For Immediate Release, December 19, 2022
Patrick Donnelly, (702) 483-0449, firstname.lastname@example.org
BLM Starts Permitting for Nevada Lithium Mine That Threatens Rare Wildflower
Notice Comes Days After Endangered Species Listing
RENO, Nev.— The U.S. Bureau of Land Management announced the start of environmental review today for a Nevada lithium mine that jeopardizes an endangered wildflower, kicking off a 30-day scoping comment period that spans the holidays.
The announcement comes less than a week after the U.S. Fish and Wildlife Service declared the rare Nevada wildflower Tiehm’s buckwheat an endangered species because of the threat posed by the Rhyolite Ridge Mine.
“Rhyolite Ridge Mine poses an existential threat to Tiehm’s buckwheat, and we’re gearing up for a fight,” said Patrick Donnelly, Great Basin director at the Center for Biological Diversity. “The recent endangered species listing gives us the most powerful tool in the conservation toolbox to prevent the extinction of this rare, beautiful wildflower.”
Earlier plans for Rhyolite Ridge Mine called for the complete destruction and removal of most Tiehm’s buckwheat plants. Now Australian mining company Ioneer’s proposal is to almost completely surround most of the buckwheat with open-pit mining operations, leaving just a 12-foot buffer between the endangered species and the mining pit.
In the Endangered Species Act listing for Tiehm’s buckwheat, published Friday, the Service said Ioneer’s plan would “disturb and remove up to 38% of the critical habitat for this species, impacting pollinator populations, altering hydrology, removing soil, and risking subsidence.”
In addition to protecting Tiehm’s buckwheat as an endangered species, the Service also protected 910 acres of critical habitat for the rare wildflower, which includes the plants and a 500-meter buffer. This was determined to be an “area sufficient to support the maximum foraging distance of primary insect visitors… that are presumed to be the pollinators of Tiehm’s buckwheat.”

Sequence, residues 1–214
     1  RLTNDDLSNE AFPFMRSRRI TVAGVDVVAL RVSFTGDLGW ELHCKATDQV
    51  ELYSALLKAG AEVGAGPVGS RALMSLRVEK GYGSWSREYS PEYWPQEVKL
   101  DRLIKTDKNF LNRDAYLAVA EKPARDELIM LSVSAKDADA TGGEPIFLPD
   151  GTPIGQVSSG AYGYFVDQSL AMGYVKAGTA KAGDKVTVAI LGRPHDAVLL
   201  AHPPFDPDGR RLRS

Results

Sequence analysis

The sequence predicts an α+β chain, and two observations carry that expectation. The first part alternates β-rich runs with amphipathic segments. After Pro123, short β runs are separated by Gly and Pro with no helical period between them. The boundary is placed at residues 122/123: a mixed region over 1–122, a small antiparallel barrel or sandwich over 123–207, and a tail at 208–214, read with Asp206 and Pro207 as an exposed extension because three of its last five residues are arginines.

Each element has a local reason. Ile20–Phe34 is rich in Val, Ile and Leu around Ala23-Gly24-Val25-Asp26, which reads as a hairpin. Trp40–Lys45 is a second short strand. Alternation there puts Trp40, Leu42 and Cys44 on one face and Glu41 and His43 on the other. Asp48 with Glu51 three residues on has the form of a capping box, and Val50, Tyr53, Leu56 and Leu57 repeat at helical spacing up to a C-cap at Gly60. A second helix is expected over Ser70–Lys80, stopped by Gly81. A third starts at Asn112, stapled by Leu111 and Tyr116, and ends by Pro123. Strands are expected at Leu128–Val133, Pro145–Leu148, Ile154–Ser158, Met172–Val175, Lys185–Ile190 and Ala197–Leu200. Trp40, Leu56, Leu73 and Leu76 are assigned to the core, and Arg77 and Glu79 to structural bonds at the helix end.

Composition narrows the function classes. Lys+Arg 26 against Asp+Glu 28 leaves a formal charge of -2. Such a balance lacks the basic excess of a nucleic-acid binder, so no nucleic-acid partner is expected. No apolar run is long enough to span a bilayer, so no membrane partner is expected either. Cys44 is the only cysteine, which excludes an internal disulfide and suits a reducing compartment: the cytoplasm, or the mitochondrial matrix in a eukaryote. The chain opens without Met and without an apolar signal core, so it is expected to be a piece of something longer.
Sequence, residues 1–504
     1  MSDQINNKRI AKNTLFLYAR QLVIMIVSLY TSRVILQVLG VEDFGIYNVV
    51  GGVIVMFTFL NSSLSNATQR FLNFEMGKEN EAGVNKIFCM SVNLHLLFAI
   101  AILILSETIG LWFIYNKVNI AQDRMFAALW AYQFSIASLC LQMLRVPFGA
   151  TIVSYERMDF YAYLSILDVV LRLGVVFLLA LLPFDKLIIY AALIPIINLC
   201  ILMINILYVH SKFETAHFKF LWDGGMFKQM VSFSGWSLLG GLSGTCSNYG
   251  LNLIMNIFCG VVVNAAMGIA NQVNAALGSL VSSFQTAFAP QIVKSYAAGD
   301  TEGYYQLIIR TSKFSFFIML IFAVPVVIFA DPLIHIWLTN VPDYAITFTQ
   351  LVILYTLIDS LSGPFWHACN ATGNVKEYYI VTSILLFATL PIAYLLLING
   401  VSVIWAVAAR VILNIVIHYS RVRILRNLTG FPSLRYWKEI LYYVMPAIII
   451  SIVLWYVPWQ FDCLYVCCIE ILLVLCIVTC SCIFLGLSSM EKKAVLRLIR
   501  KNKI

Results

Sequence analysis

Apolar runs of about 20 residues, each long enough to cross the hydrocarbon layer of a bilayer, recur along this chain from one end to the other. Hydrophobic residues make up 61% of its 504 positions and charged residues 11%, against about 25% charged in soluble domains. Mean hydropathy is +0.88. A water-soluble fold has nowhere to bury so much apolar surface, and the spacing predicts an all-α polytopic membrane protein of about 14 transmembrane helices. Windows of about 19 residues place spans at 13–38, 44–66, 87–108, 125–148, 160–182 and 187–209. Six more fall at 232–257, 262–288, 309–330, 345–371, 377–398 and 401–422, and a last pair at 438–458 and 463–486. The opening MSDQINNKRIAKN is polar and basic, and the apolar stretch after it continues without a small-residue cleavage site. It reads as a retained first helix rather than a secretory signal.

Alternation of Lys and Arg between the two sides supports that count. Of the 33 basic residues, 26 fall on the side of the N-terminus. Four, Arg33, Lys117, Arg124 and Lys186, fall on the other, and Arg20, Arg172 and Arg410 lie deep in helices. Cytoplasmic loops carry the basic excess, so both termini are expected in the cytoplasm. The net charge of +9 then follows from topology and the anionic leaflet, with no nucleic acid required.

In 2021 the Center proposed a protected area around the wildflowers with a one-mile buffer. There is an extensive body of peer-reviewed literature demonstrating that harm to rare plants from dust and pollution deposits from mining is most severe within one mile of mining operations.
“Ioneer’s ‘Buckwheat Island’ scenario would spell doom for this sensitive little flower,” said Donnelly. “The Endangered Species Act is designed to protect not just plants and animals but the ecosystems those species depend on. We’re going to fight tooth and nail to stop Ioneer from destroying Tiehm’s buckwheat’s ecosystem.”
The mine announcement and endangered species listing for the buckwheat come just weeks after the Service gave endangered species status to another rare Nevada endemic, the Dixie Valley toad. That species is threatened by a geothermal power plant being proposed by developer Ormat and being permitted and pushed forward by the BLM.
In both instances the BLM and Fish and Wildlife Service appear to be at cross purposes, with the Service declaring species endangered precisely because of actions the other federal agency is approving.
“We have to transition to renewable energy to address the climate emergency, but we can’t wipe plants and animals off the planet in the process,” said Donnelly. “If the Biden administration wants the renewable energy transition to succeed, it needs to devise a plan that doesn’t drive species extinct.”
The Center for Biological Diversity is a national, nonprofit conservation organization with more than 1.7 million members and online activists dedicated to the protection of endangered species and wild places.